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Red Cross Helps a Couple Regain Independence after Fire Destroys Their Home
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Sarah Dow
October 6, 2008

Michael, 93, lived with his wife in the home where they had raised their family.  The couple still worked hard—gardening, milking their goats and even chopping their own firewood.

Homefire prevention

When I tell this story and others like it, it always reminds me of how much I take for granted in my own life, like a roof over my head, clothes and shoes for my young girls and me, a warm blanket or even a hot meal.  It is hard to imagine how I would feel if it all went up in flames.  

The fire department called—there had been a fire nearby and the family was requesting Red Cross assistance.  I, and another Red Crosser, headed out to the scene.  As I looked up the drive to what was left of the home, the smell of smoke took my breath away.  Fire hoses were still lying across the drive in pools of water.  Firemen were sifting through the ashes and charred wood checking for hot spots.  Recently used equipment and gear was neatly laying on tarps.  And there was a small gathering of family staring at the scene in shock. 

I’ll never forget the anguish in Michael’s eyes the first time I saw him standing in his well-worn blue coveralls in the driveway.  I approached him to talk about how we could help and we began to talk about the fire.  He had been splitting wood when he saw the flames coming from his house and was able to get his wife out safely.  My heart sank a little further when he let me know he was a WWII veteran and today was Veteran’s Day. 

Michael no longer had homeowner’s insurance.  Like many older Americans, he and his wife lived on a fixed income and faced some tough decisions on spending money for food, medicine or homeowner’s insurance.  Since they owned their own home, the insurance was not a requirement, just a luxury they could not afford.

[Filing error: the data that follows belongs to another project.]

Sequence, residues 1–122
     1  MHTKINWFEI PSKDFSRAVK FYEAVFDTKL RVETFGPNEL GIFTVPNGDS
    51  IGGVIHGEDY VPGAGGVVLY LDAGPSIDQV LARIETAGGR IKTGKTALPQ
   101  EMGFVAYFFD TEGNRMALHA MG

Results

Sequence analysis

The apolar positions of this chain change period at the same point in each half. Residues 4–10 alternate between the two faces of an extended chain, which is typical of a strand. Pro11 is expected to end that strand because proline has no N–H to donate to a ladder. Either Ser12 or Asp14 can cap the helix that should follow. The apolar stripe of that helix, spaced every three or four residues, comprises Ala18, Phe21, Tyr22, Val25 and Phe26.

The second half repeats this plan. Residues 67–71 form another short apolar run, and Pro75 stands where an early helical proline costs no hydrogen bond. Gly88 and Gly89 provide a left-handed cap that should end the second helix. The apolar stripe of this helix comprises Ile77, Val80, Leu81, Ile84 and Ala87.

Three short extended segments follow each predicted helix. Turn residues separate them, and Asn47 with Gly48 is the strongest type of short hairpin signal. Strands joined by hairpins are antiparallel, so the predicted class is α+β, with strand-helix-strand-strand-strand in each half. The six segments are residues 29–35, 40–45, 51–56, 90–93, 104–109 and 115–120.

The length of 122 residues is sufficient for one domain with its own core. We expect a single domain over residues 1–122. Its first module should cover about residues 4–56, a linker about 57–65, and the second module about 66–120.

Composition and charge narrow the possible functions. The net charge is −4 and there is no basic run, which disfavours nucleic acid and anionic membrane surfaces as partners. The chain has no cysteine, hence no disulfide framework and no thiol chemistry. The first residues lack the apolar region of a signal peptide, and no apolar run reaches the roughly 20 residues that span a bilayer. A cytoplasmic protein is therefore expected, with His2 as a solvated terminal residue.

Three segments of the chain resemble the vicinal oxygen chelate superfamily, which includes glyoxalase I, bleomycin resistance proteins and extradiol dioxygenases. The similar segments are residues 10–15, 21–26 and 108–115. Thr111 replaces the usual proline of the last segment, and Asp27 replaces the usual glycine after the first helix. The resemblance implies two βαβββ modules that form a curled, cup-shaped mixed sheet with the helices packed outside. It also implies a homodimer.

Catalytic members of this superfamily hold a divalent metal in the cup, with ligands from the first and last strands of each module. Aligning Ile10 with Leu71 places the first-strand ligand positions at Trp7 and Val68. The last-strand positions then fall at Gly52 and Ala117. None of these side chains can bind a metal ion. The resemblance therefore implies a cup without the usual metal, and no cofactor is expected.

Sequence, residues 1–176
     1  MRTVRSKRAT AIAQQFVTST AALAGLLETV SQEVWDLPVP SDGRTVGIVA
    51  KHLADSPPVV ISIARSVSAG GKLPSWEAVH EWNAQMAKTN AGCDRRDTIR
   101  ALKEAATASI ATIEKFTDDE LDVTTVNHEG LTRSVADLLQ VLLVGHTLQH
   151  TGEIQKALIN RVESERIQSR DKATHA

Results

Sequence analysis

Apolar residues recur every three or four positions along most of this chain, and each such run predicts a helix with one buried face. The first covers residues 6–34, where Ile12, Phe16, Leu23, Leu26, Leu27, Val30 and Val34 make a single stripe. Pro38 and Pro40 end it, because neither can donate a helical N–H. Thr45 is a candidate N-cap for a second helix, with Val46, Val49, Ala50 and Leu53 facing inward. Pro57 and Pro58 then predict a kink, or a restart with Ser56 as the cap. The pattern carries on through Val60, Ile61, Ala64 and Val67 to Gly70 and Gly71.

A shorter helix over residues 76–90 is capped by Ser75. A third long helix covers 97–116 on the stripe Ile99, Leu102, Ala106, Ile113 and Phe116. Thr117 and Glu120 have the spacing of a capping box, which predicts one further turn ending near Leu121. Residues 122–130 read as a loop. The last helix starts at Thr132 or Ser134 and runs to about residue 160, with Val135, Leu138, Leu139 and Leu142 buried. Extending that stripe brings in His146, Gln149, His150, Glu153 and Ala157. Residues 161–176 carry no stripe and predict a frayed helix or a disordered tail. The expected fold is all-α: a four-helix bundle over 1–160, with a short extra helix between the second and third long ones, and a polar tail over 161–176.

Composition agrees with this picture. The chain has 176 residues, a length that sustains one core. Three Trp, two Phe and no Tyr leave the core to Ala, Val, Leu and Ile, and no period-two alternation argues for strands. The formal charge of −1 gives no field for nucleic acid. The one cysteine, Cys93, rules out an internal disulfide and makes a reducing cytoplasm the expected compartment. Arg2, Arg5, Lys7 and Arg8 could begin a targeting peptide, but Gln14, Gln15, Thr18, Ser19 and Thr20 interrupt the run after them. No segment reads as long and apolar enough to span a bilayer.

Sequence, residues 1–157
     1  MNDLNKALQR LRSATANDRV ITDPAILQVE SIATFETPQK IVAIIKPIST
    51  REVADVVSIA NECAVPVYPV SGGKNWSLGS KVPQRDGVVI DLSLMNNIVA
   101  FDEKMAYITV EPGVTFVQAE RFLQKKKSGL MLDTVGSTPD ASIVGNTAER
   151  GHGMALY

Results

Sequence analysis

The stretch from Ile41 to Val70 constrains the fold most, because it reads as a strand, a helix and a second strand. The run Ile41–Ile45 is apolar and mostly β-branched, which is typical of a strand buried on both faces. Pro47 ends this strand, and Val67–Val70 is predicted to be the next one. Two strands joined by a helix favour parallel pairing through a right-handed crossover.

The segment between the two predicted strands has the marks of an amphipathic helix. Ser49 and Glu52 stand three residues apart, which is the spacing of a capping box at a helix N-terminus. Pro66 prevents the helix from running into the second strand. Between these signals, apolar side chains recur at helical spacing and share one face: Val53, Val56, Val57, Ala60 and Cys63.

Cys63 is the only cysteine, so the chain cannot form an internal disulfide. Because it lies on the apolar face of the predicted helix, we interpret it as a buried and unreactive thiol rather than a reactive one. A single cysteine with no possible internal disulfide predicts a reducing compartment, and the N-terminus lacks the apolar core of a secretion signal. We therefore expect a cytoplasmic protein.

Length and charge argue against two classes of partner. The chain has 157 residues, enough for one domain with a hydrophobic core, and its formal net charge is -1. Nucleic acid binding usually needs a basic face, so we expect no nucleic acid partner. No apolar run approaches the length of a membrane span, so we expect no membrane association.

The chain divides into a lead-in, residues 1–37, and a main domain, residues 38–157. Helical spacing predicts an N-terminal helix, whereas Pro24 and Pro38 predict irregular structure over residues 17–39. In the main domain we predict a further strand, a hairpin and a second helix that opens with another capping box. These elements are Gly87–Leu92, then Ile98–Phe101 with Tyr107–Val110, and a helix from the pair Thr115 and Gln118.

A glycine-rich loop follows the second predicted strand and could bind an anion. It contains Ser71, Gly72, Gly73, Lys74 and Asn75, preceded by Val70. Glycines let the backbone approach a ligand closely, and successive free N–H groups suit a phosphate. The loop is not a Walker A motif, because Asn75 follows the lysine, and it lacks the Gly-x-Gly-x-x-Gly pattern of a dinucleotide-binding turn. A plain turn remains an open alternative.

That afternoon the Red Cross provided Michael and his wife with new clothing, shoes, food, blankets and sheets.  The Red Cross replaced their lost medications and eyeglasses and helped them with housing.  With help from the Red Cross, Michael and his wife are again living independently. 

Michael’s story is just one example of the lives changed by American Red Cross assistance.  The Red Cross responds similarly to 180 home fires every day.  Through the contributions of caring Americans, Red Cross workers provide hope and a shoulder to lean on, and help restore dignity to those affected by home fire disasters.

About the American Red Cross:
The American Red Cross shelters, feeds and counsels victims of disasters; provides nearly half of the nation's blood supply; teaches lifesaving skills; and supports military members and their families. The Red Cross is a charitable organization – not a government agency – and depends on volunteers and the generosity of the American public to perform its humanitarian mission. For more information, please visit www.redcross.org or join our blog at www.redcrosschat.org.

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